The Happy Piper And The Colossal Thud

Our modern world of devices and gizmos specializes in sounds as well as visuals and electronic advances.  The acoustic element might be overwhelmed by all of the technological wizardry, but it’s just as crucial to the whole experience — and in my view, pretty intriguing, too.

s-l300I’m not sure who picks the sounds, or what process they follow, but it’s got to be a pretty interesting job.  For example, the remote log-in process for our firm’s computer system requires you to follow several password steps and work through multiple stages of security.  If you successfully navigate all of the safeguards, you get a little audio cue that tells you you’re in.  It’s a rising three-note piping sound that makes you think that Pan is gleeful, perhaps even prancing, about your success in obtaining access.  On the other hand, if you’ve made a false move or mistyped a letter or number in a password, you get the sound of a colossal thud, as if a pallet of bricks has crushed a roomful of outdated electronic equipment and old Blockbuster videos.  It’s the quintessential sound of failure.

Wouldn’t you like to know what other sounds were considered for these purposes?  How many thousands of snippets of sound were evaluated and tested on focus groups before the final sounds were determined?  It’s hard to argue with the happy piper, but I wonder whether the initial notes of Trumpets Voluntary, or the first few chords of Ticket to Ride, were among the finalists?  And while the colossal thud conveys, quite effectively, that you’ve flopped, how about a descending two-note foghorn sound, or the crash of breaking china?

And don’t get me started on ringtones.

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For Equal Treatment Of Failure And Success

Two weeks ago I was getting my hair cut by the Recently Blonde Stylist when she inadvertently let slip that she’d received a nice recognition at work.  I congratulated her, and she immediately pooh-poohed her accomplishment.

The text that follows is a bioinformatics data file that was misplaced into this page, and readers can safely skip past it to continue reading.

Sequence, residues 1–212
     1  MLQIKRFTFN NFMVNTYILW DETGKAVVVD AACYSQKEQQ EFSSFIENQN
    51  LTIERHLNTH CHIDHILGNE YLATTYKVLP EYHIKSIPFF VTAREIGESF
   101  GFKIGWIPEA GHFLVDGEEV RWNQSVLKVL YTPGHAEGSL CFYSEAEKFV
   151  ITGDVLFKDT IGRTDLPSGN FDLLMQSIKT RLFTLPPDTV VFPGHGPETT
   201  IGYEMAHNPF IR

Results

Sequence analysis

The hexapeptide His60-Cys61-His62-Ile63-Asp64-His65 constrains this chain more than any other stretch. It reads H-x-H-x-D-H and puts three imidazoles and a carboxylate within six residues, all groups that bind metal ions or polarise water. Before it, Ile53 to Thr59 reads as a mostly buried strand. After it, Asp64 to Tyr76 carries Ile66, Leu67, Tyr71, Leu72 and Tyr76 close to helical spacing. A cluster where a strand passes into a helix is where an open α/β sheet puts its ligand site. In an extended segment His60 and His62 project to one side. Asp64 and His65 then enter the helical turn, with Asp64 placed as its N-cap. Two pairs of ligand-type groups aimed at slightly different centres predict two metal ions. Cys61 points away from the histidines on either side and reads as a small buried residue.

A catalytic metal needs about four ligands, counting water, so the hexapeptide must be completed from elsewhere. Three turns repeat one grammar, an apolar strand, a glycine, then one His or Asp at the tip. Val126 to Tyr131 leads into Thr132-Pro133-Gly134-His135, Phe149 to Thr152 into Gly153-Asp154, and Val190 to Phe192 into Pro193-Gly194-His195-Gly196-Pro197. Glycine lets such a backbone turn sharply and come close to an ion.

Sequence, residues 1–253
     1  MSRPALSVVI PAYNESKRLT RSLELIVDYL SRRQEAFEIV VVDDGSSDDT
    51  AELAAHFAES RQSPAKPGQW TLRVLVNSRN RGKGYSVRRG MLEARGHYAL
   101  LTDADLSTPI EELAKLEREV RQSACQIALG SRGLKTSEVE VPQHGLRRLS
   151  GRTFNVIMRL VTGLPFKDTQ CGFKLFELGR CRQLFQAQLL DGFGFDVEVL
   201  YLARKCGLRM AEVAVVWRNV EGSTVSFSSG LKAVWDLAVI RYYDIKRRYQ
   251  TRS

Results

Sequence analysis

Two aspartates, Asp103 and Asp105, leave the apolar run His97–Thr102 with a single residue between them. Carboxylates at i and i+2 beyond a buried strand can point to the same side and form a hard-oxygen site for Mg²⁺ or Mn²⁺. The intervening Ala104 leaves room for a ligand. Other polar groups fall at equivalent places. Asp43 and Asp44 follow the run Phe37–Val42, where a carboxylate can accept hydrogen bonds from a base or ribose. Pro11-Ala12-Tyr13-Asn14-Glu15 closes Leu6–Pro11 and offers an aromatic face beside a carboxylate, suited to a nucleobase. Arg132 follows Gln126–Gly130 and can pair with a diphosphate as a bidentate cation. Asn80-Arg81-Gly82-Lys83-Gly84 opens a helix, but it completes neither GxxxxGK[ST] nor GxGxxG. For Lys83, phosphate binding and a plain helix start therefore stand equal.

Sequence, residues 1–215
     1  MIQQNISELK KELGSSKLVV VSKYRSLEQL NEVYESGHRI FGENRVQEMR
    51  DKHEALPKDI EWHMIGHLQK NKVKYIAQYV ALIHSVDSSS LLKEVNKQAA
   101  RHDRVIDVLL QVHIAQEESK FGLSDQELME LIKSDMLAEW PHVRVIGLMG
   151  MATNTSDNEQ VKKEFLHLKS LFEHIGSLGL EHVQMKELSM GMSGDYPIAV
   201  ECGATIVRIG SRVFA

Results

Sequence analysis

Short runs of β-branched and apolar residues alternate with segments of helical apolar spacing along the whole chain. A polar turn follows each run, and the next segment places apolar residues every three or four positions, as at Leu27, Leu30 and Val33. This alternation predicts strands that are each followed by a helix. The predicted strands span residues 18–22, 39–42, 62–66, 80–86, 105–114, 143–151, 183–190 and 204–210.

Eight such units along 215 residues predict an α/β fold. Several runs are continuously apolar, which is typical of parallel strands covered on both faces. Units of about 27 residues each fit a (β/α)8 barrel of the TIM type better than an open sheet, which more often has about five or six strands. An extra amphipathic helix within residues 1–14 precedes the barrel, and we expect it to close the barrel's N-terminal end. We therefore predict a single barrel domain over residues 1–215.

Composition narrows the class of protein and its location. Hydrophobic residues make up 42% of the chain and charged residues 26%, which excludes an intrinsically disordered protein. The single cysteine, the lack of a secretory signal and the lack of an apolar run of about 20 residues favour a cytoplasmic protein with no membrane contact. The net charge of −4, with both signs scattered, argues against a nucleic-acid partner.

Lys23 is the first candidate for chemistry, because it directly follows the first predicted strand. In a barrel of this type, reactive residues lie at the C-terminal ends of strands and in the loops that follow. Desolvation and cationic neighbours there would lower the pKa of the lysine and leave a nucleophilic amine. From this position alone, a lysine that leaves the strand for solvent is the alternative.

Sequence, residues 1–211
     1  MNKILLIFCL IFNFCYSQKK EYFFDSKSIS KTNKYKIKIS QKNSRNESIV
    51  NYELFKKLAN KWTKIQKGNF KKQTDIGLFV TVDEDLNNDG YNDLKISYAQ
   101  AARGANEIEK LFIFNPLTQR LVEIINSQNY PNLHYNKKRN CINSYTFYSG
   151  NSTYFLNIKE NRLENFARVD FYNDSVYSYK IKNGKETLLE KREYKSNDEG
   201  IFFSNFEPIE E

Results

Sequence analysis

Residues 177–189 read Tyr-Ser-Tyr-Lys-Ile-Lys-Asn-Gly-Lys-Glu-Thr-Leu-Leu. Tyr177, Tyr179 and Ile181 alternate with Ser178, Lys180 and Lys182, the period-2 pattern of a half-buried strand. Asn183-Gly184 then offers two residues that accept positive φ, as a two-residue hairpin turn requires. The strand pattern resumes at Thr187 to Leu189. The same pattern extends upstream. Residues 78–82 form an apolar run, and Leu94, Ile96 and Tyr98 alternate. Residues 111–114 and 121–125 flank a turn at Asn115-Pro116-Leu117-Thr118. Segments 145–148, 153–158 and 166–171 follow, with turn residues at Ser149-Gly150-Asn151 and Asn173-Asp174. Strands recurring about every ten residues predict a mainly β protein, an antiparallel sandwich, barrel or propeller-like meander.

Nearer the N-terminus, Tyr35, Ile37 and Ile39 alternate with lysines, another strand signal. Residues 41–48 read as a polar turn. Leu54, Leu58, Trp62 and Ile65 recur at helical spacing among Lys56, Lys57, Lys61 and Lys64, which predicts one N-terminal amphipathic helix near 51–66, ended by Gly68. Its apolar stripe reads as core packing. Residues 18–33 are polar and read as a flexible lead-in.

How many humble people do that, reflexively?  They take their defeats forever to heart but shortchange their successes and rarely talk about them.  They see failures as the direct result of personal shortcomings but treat victories as the inevitable product of luck and circumstance.

As I’ve gotten older, I’ve come to view that approach as pernicious, and the road to unhappiness.  No one wins every battle.  If you carry around every failure and focus only on them, after a few decades of work you’ll be weighted down by a depressing number of mistakes and missteps.  It’s important to leaven those learning experiences with some pride in your achievements, too.  I told the RBS that she should be pleased with her honor, rather than discounting it, and feel satisfaction that she was so good at her job.

I’m not advocating for a world of preening braggarts; we all know them and they are a tiresome lot.  Instead, I’m in favor of a balanced internal approach in which equal treatment is given to positives and negatives.  Learn from your mistakes but recognize that they happen to us all; allow yourself to feel pleasure when you helped a friend or did a good deed or had a successful result in your job.  Life is full of peaks and valleys, and one is not more important than the other.